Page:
Federal Reserve Governor Christopher Waller during a Fed Listens event in Washington, DC, U.S., on Friday, September 23, 2022.
Al Drago | Bloomberg | Getty Images
Federal Reserve Governor Christopher Waller on Thursday expressed doubts about the need to put a special focus on how banks are preparing for the risks of climate change.
While acknowledging the risks posed by climate change, he said catastrophic events such as hurricanes and floods generally have no impact on the US economy. As such, he said conducting special tests to prepare banks for such events probably shouldn’t be the Fed’s purview.
“I see no need for special treatment of climate-related risks in our financial stability surveillance and policies,” Waller said in the prepared remarks for a speech in Madrid. “Based on what I’ve seen so far, I believe there is no need to place an undue focus on climate-related risks and that the Federal Reserve should focus on shorter-term and more material risks, consistent with our mandate.”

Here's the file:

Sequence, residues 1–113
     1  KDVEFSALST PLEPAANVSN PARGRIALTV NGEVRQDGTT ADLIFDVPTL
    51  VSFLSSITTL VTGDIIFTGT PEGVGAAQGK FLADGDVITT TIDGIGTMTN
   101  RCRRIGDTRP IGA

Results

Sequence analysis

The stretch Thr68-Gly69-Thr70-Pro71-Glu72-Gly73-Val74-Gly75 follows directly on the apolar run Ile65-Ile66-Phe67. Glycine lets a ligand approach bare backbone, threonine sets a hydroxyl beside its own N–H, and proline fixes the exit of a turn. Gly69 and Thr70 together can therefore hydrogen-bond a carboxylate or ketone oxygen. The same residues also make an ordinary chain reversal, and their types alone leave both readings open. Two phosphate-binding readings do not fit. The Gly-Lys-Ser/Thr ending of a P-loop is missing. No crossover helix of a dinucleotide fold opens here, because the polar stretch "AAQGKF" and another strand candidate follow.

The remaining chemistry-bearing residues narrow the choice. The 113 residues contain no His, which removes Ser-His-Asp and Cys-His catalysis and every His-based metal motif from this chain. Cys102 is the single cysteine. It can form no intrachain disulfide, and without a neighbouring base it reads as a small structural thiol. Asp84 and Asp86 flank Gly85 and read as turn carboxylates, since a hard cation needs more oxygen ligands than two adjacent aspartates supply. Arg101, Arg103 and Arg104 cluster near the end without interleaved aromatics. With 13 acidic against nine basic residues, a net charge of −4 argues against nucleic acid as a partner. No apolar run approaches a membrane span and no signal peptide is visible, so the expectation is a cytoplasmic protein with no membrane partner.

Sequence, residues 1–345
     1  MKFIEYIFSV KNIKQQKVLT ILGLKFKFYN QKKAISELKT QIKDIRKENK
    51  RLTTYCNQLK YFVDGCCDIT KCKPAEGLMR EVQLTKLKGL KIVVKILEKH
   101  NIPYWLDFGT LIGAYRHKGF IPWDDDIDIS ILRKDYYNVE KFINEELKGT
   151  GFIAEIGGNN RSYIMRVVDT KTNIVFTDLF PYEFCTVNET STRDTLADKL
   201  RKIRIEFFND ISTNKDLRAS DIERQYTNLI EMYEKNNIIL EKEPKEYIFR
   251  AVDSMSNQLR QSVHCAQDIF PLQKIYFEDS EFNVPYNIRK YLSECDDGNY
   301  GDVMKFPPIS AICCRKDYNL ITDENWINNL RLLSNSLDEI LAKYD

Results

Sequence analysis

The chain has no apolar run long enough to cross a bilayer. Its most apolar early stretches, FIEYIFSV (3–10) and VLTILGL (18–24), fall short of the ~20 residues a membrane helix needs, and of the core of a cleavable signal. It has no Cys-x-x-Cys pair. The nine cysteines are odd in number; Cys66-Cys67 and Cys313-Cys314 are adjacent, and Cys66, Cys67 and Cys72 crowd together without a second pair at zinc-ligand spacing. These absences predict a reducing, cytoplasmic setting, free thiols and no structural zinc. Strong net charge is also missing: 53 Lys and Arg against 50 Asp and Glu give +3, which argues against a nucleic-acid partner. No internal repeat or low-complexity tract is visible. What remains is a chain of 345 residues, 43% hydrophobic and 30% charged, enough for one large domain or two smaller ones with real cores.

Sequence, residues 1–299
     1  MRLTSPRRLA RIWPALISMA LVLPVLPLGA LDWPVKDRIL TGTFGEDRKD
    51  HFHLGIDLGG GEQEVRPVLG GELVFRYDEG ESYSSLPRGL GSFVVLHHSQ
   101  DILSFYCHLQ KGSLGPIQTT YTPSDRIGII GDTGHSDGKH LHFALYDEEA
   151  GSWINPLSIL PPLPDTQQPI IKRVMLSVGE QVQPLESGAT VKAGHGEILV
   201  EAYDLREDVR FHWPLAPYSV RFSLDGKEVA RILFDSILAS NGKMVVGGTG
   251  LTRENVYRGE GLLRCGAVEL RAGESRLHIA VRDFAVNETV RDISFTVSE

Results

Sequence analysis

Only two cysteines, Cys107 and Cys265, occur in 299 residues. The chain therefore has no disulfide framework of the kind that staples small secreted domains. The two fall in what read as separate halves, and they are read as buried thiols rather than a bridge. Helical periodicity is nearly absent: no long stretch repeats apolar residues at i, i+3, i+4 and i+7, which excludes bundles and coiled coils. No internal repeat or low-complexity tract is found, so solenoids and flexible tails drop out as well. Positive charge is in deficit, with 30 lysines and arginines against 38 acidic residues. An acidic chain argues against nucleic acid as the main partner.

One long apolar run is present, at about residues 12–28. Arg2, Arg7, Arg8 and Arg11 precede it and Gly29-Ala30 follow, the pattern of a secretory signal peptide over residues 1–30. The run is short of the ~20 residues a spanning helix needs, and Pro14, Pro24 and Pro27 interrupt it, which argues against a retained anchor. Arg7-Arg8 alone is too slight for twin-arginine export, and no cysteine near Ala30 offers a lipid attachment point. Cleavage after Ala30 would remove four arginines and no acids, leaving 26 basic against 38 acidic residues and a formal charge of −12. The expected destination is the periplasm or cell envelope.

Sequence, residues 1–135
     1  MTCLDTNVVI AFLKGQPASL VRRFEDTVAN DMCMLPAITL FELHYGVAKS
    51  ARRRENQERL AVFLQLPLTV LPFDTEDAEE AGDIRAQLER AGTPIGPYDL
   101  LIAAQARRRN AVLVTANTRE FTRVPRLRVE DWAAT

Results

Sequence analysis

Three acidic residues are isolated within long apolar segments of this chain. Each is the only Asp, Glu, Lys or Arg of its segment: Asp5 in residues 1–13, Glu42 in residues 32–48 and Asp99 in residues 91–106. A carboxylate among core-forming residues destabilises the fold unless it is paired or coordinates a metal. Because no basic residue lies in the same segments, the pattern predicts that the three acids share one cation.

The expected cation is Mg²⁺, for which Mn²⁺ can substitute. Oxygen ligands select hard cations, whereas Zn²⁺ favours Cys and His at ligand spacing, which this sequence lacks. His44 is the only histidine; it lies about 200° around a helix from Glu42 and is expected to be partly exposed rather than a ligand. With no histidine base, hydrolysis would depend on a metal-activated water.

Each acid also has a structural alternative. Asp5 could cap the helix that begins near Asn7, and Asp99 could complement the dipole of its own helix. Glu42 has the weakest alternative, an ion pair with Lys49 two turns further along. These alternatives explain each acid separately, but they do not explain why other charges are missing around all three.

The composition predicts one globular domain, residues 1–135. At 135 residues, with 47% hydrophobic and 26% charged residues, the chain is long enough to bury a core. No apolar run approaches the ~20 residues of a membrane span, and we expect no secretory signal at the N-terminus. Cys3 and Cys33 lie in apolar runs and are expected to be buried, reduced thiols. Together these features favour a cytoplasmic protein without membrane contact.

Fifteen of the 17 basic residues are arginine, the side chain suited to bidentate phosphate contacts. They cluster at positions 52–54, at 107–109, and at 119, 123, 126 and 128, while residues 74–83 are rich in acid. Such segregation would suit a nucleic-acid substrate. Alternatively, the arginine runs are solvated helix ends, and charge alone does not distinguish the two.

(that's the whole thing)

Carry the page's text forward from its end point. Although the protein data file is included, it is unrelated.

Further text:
Still, the Fed has already instructed the country’s six largest banks to come up with plans on how they would respond to climate-related events.
While the exercises differ from the stress tests that the Fed conducts on systemically important institutions, they share similarities. The stress tests are about how banks would react to financial and economic crises.
“Climate change is real, but I don’t think it poses a serious risk to the safety and soundness of large banks or to the financial stability of the United States,” Waller said. “There is no need for us to focus on one type of risk that shifts our focus to others.”
He noted that events such as wildfires and other climate-related disasters “have devastating consequences for local populations. But they are not significant enough to pose an outsized risk to the US economy as a whole.”
Waller added that households and businesses, including banks, have demonstrated the ability to adapt to change. Banks’ performance is generally not affected by disasters in their regions, he said.
Fed officials have been debating how much emphasis should be placed on climate risks for about three years. A 2020 Financial Stability Report addressed the issue for the first time.
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